Virtual Demos Yield Real Results for Hewlett-Packard
Most people want to see a live demonstration before deciding whether to buy one of HP's Indigo digital presses, which cost $250,000 to $1 million and are used by the graphic arts community as well as commercial and industrial printers. However, by providing as much information as possible through a virtual demonstration, there's a better chance that potential buyers are genuinely interested in a product when they come in for a live demo, said Donna Stokes, HP's worldwide graphic arts e-business manager.
"We wanted to reduce our expenses in bringing customers to live demos and to shorten the sales cycle time," Stokes said about why HP created three-minute virtual demos for the three digital printers.
HP's digital press division includes 10 commercial and industrial printers. HP chose three flagship items for the demos: the Indigo 5000 is an affordable, high-end commercial digital printing press; the Indigo ws4050 is the top-of-the-line model for label printers; and the Indigo 3050 is a seven-color digital commercial offset press.
Typically, an HP salesperson either directs a potential customer to the Web site, hp.com/go/graphic-arts, to view one of the demos or sends a CD burned with the Flash movies. The demos also are marketed on the hp.com home page, at trade shows and in product brochures.
One benefit of the virtual demos to potential customers is that via Flash navigation, they can easily access information relevant to their specific needs, whether they are a production manager or a business owner, Stokes said.
"Using that infrastructure has allowed us to talk to diverse groups with different needs in a very personalized manner," she said.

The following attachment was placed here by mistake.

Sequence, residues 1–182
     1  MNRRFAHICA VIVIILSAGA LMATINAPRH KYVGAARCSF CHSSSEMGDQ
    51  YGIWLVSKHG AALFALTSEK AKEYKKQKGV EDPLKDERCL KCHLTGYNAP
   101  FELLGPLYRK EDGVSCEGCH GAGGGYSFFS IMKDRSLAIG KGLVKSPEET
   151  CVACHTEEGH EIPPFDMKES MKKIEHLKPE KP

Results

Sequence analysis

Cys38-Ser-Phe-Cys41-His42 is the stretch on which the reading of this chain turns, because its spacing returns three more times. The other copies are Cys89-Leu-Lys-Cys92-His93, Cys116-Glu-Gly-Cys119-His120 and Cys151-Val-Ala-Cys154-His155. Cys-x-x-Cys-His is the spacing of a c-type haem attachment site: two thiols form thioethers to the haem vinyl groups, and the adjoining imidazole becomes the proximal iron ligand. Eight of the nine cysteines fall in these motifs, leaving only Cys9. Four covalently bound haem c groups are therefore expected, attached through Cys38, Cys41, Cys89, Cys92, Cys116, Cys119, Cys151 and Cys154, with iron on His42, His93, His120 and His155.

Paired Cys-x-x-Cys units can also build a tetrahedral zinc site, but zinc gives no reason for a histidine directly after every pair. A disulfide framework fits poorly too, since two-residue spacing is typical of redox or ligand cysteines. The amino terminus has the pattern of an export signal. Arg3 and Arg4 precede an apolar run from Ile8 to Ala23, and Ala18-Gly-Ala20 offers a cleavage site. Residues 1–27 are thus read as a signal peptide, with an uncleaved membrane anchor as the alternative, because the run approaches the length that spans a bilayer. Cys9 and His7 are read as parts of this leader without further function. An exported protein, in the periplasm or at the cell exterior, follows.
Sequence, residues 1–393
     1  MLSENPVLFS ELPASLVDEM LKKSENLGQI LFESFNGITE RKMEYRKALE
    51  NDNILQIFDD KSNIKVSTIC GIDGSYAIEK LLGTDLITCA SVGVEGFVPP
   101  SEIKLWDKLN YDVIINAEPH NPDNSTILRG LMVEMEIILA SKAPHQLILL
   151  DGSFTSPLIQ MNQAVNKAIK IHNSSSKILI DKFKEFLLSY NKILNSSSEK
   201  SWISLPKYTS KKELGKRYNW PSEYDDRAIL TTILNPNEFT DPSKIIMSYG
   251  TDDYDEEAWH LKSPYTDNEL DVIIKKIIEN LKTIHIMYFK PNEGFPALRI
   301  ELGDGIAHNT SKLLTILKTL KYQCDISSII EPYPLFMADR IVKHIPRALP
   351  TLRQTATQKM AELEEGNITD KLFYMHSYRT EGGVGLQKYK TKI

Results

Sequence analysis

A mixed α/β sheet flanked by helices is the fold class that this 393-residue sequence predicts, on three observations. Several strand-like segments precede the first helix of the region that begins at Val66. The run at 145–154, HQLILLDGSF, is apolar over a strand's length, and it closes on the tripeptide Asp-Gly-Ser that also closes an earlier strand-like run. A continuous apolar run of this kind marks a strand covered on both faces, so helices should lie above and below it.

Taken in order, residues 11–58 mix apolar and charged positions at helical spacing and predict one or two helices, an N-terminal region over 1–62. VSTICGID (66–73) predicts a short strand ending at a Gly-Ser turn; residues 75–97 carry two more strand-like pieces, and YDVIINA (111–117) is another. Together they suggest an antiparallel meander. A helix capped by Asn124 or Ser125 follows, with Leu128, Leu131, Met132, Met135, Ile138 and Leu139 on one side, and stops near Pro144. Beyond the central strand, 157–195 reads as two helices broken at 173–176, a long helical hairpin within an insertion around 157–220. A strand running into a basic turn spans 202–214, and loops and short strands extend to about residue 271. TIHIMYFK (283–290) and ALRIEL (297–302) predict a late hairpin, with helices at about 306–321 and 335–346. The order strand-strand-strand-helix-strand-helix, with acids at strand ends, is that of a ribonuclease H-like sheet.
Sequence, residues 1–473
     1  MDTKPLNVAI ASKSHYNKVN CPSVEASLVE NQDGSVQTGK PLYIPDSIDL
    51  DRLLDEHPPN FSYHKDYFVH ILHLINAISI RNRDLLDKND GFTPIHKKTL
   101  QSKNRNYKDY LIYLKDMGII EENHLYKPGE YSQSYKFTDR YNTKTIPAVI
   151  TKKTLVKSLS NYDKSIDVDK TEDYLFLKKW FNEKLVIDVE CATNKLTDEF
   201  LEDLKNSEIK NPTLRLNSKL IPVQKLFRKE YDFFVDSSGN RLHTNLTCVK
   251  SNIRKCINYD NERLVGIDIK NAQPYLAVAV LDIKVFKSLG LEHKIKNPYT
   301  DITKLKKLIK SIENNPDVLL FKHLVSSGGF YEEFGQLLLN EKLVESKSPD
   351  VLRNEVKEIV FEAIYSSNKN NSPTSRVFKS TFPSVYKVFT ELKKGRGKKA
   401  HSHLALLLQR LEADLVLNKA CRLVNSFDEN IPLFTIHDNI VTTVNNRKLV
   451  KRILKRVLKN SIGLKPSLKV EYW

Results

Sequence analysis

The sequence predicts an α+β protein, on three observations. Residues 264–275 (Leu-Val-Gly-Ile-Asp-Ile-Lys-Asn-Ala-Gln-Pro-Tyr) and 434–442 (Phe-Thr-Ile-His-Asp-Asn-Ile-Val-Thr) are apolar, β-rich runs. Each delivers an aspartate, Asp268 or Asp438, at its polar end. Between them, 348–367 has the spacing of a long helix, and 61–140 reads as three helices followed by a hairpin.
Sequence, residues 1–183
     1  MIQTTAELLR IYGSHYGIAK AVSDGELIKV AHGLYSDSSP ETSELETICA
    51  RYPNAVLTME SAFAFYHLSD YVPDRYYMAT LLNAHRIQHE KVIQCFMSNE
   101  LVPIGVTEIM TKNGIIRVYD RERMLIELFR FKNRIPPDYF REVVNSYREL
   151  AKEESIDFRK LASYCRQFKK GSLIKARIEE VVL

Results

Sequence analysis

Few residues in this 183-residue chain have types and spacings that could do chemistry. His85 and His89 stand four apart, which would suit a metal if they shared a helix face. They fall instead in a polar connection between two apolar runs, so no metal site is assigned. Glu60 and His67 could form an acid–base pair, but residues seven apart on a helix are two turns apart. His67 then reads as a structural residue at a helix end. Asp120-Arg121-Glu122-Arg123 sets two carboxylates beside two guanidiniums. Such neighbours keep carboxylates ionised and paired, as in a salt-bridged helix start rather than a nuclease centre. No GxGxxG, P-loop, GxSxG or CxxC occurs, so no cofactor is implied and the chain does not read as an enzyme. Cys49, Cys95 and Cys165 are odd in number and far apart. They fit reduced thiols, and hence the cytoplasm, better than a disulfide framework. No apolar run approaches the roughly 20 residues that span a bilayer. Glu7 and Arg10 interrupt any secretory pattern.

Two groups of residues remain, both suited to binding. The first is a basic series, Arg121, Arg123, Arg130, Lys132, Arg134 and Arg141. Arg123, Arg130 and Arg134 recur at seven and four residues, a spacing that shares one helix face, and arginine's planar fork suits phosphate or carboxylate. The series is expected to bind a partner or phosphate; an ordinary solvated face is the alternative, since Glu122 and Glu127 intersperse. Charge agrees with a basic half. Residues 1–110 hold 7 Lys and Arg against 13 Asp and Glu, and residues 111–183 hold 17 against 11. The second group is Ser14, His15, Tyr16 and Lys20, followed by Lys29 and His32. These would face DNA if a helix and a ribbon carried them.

HP tried other strategies to drive sales such as an animated demonstration and placing presses in strategic locations around the country so executives wouldn't have to travel so far, said Banta account executive Katie Fernands, "but it still was a barrier to getting them further down the sales cycle." Banta has created virtual demos for other companies such as John Deere, but this is one of the most complex, she said.
"This one is almost like a tutorial," Fernands said. "It is very complex and shows all the ins and outs."
For HP, the demos have proven so successful that the company broadened their use beyond what initially was intended to include internal training.
"As we grew, we found that they became great training tools for R&D and marketing," Stokes said.
The demonstrations went live in September 2004. Already, they are HP's No. 1 source of marketing leads for its digital presses, with 20 percent to 30 percent of the leads from the Web site contacting HP via the virtual demos. HP's graphic arts Web site has 50,000 unique visitors a month. The increase in viewership of the demos on a month-to-month basis has been 39.5 percent.
HP expects to introduce a virtual demonstration for its Indigo Press 1050 soon. The 1050 is a commercial press for one-to-one and direct marketing jobs.
Chantal Todé covers catalog and retail news and BTB marketing for DM News and DM News.com. To keep up with the latest developments in these areas, subscribe to our daily and weekly e-mail newsletters by visiting www.dmnews.com/newsletters